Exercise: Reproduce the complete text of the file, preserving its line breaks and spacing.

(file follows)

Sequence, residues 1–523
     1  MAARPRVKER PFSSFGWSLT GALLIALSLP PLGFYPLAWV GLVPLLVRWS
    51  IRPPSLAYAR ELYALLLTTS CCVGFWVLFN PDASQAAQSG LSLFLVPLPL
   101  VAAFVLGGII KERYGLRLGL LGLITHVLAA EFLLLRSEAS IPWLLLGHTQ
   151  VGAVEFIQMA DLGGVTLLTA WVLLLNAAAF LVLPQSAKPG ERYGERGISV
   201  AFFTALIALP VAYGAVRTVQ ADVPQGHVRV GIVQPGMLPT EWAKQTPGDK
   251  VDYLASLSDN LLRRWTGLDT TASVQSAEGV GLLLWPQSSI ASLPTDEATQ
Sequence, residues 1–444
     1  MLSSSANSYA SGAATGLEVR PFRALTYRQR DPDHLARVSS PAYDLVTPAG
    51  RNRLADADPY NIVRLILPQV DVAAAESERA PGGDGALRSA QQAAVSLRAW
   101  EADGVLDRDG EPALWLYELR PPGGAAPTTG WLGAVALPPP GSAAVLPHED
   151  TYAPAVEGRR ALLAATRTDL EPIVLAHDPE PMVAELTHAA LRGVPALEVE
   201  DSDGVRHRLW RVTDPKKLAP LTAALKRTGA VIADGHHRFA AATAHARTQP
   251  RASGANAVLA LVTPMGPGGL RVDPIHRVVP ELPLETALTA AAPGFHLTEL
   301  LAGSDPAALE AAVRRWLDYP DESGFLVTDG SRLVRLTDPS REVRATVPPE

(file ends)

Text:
Sequence, residues 1–523
     1  MAARPRVKER PFSSFGWSLT GALLIALSLP PLGFYPLAWV GLVPLLVRWS
    51  IRPPSLAYAR ELYALLLTTS CCVGFWVLFN PDASQAAQSG LSLFLVPLPL
   101  VAAFVLGGII KERYGLRLGL LGLITHVLAA EFLLLRSEAS IPWLLLGHTQ
   151  VGAVEFIQMA DLGGVTLLTA WVLLLNAAAF LVLPQSAKPG ERYGERGISV
   201  AFFTALIALP VAYGAVRTVQ ADVPQGHVRV GIVQPGMLPT EWAKQTPGDK
   251  VDYLASLSDN LLRRWTGLDT TASVQSAEGV GLLLWPQSSI ASLPTDEATQ
Sequence, residues 1–444
     1  MLSSSANSYA SGAATGLEVR PFRALTYRQR DPDHLARVSS PAYDLVTPAG
    51  RNRLADADPY NIVRLILPQV DVAAAESERA PGGDGALRSA QQAAVSLRAW
   101  EADGVLDRDG EPALWLYELR PPGGAAPTTG WLGAVALPPP GSAAVLPHED
   151  TYAPAVEGRR ALLAATRTDL EPIVLAHDPE PMVAELTHAA LRGVPALEVE
   201  DSDGVRHRLW RVTDPKKLAP LTAALKRTGA VIADGHHRFA AATAHARTQP
   251  RASGANAVLA LVTPMGPGGL RVDPIHRVVP ELPLETALTA AAPGFHLTEL
   301  LAGSDPAALE AAVRRWLDYP DESGFLVTDG SRLVRLTDPS REVRATVPPE